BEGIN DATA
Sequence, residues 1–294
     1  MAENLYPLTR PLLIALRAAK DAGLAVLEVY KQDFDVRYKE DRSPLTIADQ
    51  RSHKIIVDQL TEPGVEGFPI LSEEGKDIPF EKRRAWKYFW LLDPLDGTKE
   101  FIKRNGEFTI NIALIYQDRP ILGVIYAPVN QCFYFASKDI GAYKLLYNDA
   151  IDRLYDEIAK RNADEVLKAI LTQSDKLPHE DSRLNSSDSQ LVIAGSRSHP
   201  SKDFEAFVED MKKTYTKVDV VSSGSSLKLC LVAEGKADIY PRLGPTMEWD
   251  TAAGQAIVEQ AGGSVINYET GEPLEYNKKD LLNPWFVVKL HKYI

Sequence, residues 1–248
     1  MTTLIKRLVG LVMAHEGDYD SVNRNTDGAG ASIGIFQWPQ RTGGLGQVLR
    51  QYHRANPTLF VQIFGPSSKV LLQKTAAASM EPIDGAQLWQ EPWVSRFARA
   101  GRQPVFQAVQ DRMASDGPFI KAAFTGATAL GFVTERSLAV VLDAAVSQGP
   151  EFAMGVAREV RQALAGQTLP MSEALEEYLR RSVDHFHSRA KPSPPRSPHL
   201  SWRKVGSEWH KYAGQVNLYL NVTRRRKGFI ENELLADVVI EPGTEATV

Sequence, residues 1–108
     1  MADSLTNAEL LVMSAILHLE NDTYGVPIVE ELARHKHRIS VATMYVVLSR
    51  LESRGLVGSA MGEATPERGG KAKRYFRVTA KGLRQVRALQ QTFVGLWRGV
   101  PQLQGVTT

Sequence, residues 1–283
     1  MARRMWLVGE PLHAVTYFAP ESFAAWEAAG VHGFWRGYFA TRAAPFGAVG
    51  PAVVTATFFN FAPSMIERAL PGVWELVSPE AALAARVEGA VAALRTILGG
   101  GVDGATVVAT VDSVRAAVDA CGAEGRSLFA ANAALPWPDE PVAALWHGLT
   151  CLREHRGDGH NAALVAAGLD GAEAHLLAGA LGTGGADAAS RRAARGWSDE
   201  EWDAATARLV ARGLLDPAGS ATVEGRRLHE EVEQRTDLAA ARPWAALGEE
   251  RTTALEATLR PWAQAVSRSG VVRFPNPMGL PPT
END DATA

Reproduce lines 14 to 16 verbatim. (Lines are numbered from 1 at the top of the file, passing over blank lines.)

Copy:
Sequence, residues 1–108
     1  MADSLTNAEL LVMSAILHLE NDTYGVPIVE ELARHKHRIS VATMYVVLSR
    51  LESRGLVGSA MGEATPERGG KAKRYFRVTA KGLRQVRALQ QTFVGLWRGV